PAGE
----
Tuesday, June 29, 2010

Judgment and Justification Part 3

Sorry for the long interlude in this series. I have been quite busy over the past month. Hopefully we will be able to work our way through the rest of the series reasonably soon.

As God's people we our desire should be to live in God's presence. In the Old Testament, God's presence was closely tied to the tabernacle or temple, which, after the conquest of Canaan and especially after the building of the temple, meant that God's presence was tied to the land of Israel. Only at the temple in Jerusalem could one experience the presence of God. This is why eschatalogical prophecies like Isaiah 66 picture the Gentiles coming to Jerusalem to worship in the temple.

This ties into a recurring pattern in the way that God metes out his punitive judgment. Sin leads to judgment which results in banishment from or the removal of God's presence. The very first punitive judgment in the Bible demonstrates this. When Adam and Even sin in Genesis 3 they are told that they will die and die they do, immediately. But it is not the physical death that one expects, it's a spiritual death of separation from God. This point is driven home poignantly when we are told about the flaming sword keeping them out of the Garden where God's presence resided. This construal of judgment fills the pages of the Old Testament. One could look to the judgment of Cain or the exile of Judah for a couple of rather obvious examples. Deuteronomy 28 is also a good example. There we read the blessings of obedience and the curses of disobedience. Many of the blessings and curses are tied to life in the land.

Why does judgment function that way? I believe it is because of the holiness of God. We could cite Leviticus 20 as one example to prove our point. In verse 22 God says that the land will vomit the people out if the people do not follow God's laws, and they must follow them because God is holy. In this chapter it is clear that an integral aspect of holiness is being separated from sin. Thus God's judgment is an expression of his holiness, both as punishment for sin and blessing for covenant keeping (as best I can tell blessing is only bestowed by God within a covenant relationship, while both those in and not in a covenant relationship with God feel his wrath). Thus being in God's place is both where we experience God's holy and loving presence and where we experience his blessing. In fact, I believe that we can tie that even tighter. Ezekiel 9-11 makes a clear tie between judgment and the departure of God from the temple, his removal of his own presence. Thus, it is through experiencing the presence of God that we experience blessing. The land served as a conduit for the Israelite's experience of God. This explains why in the New Testament, the people of God have no land until Christ returns. We the church have been given the Holy Spirit, and we the church are the temple of God. There is no more need for land.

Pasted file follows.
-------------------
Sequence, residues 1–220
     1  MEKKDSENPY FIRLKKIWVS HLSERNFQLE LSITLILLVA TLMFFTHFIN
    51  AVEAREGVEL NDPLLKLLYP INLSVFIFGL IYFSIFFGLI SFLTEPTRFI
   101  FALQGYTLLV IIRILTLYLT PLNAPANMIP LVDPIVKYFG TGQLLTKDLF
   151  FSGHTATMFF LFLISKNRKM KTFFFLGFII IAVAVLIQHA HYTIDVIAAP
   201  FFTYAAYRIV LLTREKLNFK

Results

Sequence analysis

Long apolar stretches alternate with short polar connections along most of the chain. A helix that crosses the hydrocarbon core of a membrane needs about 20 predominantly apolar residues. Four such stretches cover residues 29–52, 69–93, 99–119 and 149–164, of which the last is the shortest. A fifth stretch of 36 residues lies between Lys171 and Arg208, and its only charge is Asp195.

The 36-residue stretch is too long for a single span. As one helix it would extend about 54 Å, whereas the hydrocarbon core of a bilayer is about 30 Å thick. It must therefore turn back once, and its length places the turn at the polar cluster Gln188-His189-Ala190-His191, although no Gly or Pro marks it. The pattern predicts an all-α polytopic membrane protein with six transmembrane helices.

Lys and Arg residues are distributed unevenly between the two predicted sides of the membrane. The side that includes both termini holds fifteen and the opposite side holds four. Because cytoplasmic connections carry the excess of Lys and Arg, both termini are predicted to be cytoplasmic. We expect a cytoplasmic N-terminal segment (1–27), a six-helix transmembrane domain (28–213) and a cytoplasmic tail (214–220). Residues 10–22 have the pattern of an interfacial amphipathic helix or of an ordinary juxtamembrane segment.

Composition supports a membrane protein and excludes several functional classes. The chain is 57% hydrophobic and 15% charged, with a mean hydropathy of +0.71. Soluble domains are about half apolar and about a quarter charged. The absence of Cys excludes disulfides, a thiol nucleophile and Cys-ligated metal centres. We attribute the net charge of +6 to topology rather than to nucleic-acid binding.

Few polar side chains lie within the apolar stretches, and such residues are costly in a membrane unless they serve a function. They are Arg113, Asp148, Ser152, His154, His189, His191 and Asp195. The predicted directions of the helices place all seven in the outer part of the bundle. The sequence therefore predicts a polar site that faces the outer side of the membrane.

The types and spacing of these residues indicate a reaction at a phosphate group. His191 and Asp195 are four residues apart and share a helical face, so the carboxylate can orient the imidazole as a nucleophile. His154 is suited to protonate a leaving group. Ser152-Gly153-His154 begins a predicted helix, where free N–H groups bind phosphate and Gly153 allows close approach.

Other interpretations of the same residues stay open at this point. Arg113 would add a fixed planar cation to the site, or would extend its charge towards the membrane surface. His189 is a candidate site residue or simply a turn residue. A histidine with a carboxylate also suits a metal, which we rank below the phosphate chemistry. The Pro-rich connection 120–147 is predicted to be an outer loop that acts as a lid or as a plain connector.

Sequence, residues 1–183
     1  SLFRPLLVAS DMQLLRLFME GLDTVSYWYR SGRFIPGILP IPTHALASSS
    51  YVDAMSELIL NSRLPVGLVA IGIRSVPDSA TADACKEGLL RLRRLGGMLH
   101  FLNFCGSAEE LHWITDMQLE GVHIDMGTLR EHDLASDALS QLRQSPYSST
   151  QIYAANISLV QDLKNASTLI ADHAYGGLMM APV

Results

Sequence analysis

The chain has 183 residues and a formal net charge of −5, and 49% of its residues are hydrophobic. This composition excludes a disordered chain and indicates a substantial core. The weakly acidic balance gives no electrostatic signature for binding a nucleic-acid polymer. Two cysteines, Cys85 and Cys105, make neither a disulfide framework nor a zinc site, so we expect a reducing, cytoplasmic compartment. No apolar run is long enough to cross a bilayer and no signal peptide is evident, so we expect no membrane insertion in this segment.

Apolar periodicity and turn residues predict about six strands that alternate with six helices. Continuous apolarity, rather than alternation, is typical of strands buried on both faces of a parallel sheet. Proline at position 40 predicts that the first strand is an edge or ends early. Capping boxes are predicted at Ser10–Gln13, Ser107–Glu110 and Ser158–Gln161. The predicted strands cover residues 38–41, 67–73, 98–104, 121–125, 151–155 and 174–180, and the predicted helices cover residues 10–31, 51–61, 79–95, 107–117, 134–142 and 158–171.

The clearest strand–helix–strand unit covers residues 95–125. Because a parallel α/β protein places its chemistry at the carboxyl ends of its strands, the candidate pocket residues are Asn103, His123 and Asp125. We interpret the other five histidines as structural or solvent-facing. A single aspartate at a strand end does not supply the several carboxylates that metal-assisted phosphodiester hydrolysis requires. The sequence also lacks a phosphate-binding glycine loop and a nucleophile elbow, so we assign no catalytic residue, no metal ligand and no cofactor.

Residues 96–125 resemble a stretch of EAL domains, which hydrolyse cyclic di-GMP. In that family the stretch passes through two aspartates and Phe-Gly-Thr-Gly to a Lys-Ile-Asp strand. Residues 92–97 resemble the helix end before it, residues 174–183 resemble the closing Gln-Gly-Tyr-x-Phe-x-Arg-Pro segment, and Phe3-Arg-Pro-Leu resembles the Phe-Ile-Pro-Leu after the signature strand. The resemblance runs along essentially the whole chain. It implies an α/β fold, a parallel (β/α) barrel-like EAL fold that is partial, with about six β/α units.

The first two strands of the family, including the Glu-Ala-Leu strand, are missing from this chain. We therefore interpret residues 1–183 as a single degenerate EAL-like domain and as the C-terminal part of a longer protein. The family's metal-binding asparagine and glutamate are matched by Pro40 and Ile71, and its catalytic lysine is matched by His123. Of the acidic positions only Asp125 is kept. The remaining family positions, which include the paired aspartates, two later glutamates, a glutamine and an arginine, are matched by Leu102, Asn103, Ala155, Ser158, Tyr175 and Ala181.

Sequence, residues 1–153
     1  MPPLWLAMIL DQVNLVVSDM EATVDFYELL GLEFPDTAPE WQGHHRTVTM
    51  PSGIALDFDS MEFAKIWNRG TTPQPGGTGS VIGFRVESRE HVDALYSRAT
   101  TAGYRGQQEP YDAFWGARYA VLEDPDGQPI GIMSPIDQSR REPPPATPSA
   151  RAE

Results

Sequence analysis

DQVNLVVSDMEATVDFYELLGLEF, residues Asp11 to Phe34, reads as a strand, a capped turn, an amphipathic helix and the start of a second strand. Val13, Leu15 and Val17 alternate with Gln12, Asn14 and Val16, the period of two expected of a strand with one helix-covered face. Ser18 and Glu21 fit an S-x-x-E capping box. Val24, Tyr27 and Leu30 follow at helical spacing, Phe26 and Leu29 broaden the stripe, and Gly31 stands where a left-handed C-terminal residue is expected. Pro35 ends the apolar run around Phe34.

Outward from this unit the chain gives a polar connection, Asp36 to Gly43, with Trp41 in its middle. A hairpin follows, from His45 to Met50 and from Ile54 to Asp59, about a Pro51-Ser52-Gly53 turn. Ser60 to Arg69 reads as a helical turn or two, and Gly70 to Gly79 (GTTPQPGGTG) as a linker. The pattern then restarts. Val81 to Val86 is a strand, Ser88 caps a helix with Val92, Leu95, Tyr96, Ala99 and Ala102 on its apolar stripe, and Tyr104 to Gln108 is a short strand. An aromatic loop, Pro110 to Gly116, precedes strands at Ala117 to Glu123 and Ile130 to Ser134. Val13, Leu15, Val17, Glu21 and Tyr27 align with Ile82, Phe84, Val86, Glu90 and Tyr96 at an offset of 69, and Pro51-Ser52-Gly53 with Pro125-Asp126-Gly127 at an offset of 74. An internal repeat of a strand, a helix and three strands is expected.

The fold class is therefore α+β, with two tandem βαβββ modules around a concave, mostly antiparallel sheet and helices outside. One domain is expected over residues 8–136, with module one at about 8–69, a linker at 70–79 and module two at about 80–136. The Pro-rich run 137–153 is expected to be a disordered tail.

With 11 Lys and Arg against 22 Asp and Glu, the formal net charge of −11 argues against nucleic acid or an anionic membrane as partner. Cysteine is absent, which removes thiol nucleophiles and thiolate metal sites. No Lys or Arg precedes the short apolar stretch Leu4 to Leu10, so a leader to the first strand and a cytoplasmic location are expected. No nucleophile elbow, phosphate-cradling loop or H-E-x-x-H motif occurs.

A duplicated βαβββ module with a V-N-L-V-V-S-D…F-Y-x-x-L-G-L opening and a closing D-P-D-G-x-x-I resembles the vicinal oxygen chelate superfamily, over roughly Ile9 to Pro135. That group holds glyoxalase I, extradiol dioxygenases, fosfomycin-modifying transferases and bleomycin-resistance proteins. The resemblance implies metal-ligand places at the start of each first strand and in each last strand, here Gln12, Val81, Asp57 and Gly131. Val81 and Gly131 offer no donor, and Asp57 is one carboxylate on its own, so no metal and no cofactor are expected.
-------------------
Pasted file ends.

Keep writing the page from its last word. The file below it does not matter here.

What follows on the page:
On a closing aside, I think that this view at least lends modest support to one particular understanding of hell, as where God isn't. While any teaching on hell beyond a bare-boned sketch goes beyond what we can say about it without speculating, at least this particular speculation about hell is grounded in a thoroughly biblical notion of judgment. It doesn't necessarily make it the correct understanding of hell. It at least means it isn't unbiblical.

In our next post we will look more at the theme of 'living God's way.'

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